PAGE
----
Lev Grossman’s 10 Must-Read Fantasy Novels

A Wizard of Earthsea by Ursula K. Le Guin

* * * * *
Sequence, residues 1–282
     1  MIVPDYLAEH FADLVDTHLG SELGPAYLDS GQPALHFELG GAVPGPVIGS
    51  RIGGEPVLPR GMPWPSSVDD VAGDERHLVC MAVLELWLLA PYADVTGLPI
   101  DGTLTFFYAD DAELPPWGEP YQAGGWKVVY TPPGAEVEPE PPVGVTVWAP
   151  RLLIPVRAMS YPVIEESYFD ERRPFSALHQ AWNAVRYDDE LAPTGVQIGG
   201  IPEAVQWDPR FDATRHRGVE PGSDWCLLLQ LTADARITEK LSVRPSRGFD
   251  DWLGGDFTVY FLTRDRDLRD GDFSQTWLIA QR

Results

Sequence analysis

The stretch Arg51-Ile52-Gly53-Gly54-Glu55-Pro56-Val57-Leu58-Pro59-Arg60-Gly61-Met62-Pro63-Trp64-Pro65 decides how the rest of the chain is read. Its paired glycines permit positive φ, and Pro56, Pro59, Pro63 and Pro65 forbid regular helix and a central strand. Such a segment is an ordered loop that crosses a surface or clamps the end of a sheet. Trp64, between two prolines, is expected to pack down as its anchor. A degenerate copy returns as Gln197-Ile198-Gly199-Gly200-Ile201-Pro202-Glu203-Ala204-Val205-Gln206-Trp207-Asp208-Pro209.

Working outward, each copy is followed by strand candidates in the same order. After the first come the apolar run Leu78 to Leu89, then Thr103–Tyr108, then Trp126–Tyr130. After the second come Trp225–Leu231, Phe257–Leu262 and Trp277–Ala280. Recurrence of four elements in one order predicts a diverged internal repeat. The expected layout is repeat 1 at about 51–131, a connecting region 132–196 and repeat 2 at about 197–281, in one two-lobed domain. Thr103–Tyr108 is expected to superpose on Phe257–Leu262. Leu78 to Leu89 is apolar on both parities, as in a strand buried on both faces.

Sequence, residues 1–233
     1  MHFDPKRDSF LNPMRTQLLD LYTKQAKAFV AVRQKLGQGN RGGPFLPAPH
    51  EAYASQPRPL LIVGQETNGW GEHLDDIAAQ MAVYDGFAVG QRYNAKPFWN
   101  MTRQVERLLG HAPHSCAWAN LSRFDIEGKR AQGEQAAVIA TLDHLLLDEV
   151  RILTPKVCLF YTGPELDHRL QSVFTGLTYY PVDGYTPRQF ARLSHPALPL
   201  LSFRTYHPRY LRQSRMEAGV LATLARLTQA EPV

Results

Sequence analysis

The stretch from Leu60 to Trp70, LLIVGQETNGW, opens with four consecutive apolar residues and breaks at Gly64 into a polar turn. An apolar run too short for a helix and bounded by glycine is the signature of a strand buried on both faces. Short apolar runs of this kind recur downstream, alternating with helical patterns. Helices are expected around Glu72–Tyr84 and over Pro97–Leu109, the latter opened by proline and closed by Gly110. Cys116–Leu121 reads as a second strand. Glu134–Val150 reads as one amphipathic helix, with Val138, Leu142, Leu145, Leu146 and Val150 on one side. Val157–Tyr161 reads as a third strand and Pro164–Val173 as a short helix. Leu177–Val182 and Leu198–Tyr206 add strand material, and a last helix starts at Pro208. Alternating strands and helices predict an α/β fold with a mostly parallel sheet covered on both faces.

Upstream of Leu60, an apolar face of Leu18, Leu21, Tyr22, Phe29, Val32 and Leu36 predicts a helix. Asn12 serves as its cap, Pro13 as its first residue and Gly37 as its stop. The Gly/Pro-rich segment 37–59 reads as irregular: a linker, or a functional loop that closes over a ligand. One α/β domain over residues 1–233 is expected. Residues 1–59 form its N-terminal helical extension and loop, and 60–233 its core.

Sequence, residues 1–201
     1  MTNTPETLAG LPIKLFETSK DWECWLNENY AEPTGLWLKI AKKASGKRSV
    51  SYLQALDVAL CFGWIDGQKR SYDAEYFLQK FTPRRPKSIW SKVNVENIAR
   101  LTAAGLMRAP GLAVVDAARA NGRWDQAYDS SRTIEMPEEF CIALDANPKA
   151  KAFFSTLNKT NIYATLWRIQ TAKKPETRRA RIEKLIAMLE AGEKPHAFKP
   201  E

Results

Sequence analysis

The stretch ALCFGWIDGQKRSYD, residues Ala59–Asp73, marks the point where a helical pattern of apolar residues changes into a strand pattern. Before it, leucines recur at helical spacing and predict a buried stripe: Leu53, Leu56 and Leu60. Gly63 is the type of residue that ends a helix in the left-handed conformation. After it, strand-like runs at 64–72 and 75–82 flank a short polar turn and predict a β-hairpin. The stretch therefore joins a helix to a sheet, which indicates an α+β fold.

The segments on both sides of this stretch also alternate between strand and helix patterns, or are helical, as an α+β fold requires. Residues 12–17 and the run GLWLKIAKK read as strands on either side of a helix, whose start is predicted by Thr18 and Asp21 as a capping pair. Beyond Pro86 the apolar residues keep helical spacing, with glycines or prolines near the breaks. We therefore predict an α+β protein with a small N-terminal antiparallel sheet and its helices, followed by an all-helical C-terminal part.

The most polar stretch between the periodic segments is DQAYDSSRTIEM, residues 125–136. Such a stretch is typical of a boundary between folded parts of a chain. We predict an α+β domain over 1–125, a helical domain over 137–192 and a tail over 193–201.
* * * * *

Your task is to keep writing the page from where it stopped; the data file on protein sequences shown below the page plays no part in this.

Just look at the map: Earthsea is a sprawling archipelago of tiny islands, as if someone took Middle Earth and smashed it like a plate on a hard tile floor. A Wizard of Earthsea is a primally moving fairy tale, the great original story of a sorcerer’s education, but it’s also joyfully subversive: in 1968 Le Guin took fantasy — still a very male, very English, rather Christian tradition — re-engineered and re-plumbed it utterly, and bent it to her own marvelous purposes. Her magic system alone, rooted in a true and ancient language of things, is one of the monuments of modern fantasy.